Game: Day of the Tentacle
Platform: PC, PS4 (remastered)
Release: 1993 (2016 remastered)
There’s always a worry when remastering or re-releasing any game from yesteryear that it just doesn’t hold up to today’s standards. So many elements of game design, structure and development have changed so quickly in a relatively short amount of time that there’s a massive risk that something will feel incredibly dated when replaying and comparing it to its contemporary peers. Back in the day they may have been the cream of the crop but today they feel more of a chore to play – the best example of this is Goldeneye 007 on the N64, great for the time, absolutely awful to play through now (especially its completely broken multiplayer. Oddjob, anyone?).
So Double Fine going through their back catalogue and re-releasing their classics can be seen as a risk, despite the reasoning for re-releasing is sound (prior to the remasters, there was no way for these games to be purchased without either torrenting or having a 15+ year old PC). Grim Fandango has already received the remaster treatment and Full Throttle is on the way, but in the meantime we have perhaps one of the most beloved point’n’click adventures, Day of the Tentacle, has just been given the spit shine and released. Does it fall into the nostalgia trap, or does it hold up?
The first thing to notice is the graphical polish the game has received – the new default is clean, crisp cartoon animations, a similar style to a Flash cartoon. It’s fantastic seeing things in such clarity, but if I’m honest I think the game looked better in its original state. Happily for old-fashioned folks like me, there’s an option to switch between the old and new graphical stylings at will. The sound design upgrade fares better (for me at least), as the games cartoonish music really does benefit from the remaster.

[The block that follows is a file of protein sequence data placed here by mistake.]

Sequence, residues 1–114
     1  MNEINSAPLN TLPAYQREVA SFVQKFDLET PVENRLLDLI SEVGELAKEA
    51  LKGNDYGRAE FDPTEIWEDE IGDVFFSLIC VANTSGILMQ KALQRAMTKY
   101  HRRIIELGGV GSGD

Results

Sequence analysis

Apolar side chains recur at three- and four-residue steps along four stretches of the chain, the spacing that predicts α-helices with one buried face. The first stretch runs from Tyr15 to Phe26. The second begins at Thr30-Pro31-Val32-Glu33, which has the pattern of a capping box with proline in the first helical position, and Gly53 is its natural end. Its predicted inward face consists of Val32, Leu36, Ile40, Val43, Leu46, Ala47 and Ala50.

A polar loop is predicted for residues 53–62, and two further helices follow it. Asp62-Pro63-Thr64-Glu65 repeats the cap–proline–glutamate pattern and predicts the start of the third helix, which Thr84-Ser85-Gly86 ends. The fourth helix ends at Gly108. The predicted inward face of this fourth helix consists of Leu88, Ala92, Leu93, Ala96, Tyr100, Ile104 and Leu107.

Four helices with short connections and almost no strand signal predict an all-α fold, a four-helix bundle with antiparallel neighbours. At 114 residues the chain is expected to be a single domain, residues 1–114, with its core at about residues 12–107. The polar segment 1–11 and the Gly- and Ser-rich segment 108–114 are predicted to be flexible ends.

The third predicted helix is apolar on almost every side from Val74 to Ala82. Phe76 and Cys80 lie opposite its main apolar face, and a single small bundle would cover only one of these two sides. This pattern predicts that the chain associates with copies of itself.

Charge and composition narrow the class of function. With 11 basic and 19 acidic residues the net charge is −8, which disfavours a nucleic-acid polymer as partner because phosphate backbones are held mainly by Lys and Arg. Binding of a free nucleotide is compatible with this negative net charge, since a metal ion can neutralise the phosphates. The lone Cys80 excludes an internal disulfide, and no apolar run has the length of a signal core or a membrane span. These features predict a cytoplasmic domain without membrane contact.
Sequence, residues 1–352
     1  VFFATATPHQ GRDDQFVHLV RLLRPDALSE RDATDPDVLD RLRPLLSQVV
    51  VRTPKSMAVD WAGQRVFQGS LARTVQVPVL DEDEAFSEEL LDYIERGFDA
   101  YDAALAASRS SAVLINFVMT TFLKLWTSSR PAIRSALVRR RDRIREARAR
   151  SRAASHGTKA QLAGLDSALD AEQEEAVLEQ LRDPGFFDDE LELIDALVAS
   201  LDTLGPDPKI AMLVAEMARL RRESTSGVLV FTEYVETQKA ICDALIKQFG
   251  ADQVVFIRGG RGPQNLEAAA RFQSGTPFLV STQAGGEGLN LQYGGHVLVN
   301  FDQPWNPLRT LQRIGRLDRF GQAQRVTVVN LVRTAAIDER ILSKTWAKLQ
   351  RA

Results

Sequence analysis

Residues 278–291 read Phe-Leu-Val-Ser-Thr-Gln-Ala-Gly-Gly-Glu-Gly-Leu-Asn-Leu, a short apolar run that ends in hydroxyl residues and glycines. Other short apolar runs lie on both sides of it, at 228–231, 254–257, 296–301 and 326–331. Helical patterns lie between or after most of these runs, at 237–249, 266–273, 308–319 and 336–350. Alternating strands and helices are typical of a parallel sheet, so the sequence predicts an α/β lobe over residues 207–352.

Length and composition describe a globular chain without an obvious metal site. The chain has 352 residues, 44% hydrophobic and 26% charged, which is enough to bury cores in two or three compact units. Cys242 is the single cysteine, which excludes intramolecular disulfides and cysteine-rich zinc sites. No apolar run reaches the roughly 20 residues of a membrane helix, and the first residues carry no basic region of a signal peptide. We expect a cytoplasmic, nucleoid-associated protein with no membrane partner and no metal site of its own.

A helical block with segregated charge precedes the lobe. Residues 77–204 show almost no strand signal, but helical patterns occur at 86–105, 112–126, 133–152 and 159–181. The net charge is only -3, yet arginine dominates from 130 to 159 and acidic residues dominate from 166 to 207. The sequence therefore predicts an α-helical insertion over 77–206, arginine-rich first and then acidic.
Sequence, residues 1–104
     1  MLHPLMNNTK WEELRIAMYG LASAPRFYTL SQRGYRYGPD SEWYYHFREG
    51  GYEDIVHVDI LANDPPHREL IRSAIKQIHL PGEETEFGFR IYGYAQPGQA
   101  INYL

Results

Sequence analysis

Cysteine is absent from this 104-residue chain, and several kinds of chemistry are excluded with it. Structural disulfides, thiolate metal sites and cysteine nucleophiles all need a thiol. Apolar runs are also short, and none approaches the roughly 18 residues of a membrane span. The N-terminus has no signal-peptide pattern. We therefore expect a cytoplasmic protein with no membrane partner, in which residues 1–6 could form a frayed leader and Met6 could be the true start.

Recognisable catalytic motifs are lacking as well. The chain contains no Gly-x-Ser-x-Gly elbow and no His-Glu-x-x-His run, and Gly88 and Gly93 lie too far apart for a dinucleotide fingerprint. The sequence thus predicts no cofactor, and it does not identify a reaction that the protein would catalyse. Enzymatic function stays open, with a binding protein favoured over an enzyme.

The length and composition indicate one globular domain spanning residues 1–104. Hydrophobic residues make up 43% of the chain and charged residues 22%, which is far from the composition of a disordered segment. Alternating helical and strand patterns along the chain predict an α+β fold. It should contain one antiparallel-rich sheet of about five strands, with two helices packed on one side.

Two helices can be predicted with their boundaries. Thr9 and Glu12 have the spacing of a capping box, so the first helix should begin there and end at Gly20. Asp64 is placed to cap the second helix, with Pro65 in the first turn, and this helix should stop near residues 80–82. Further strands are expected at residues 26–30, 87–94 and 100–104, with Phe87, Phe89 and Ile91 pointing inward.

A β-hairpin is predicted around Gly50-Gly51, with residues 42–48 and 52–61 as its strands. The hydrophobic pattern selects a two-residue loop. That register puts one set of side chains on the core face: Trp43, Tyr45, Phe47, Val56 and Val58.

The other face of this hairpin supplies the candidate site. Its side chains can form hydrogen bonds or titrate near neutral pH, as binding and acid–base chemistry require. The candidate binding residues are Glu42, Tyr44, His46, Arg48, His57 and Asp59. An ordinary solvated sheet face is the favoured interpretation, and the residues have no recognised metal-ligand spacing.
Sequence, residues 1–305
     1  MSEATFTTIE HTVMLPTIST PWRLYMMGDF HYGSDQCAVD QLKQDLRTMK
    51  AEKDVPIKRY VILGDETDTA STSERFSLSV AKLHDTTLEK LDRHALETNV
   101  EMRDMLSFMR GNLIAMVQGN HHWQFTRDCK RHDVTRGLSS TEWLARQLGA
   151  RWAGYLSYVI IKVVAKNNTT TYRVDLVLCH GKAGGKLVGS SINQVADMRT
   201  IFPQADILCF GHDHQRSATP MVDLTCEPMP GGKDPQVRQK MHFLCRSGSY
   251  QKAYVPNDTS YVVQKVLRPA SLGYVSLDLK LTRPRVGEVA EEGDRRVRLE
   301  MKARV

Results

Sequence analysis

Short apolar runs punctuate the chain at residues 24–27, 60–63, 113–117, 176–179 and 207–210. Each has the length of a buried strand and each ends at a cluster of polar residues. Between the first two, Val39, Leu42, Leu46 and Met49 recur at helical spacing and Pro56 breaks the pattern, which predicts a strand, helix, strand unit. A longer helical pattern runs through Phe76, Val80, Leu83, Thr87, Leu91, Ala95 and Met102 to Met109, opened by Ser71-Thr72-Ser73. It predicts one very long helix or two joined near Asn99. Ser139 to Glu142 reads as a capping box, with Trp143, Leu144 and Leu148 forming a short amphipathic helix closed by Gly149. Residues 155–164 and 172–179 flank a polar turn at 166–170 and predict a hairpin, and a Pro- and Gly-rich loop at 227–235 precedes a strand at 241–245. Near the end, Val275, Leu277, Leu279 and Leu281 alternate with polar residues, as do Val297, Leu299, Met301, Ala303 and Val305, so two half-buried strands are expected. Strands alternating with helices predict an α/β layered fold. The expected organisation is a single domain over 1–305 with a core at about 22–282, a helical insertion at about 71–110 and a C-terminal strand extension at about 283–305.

As for the game itself, well, it’s Day of the Tentacle. Adventure game design back in the 90s almost required complete lunacy in puzzle structure and solutions, partly in order to increase the length of time someone could soend with the game but also for the devlopment team to bring across their style of humour. For some, the moon logic doesn’t quite work (my beloved King’s Quest suffers quite badly from this, as do a couple of Lucasarts titles including, unfortunately, my all time adventure game favourite Grim Fandango), but for DotT, I think it works. For newcomers it may be a bit difficult having no hint system but the solutions are fun if not always logical, something DoTT strives for.
Thankfully as well, the story remains humorous and the game is still funny (even if the voice acting can be a tad off putting after 23 years of industry improvement). Quite simply, if you enjoyed the original or have a love for adventure games this is a no-brainer while I feel non-fans probably won’t get a lot out of it and may leave disappointed.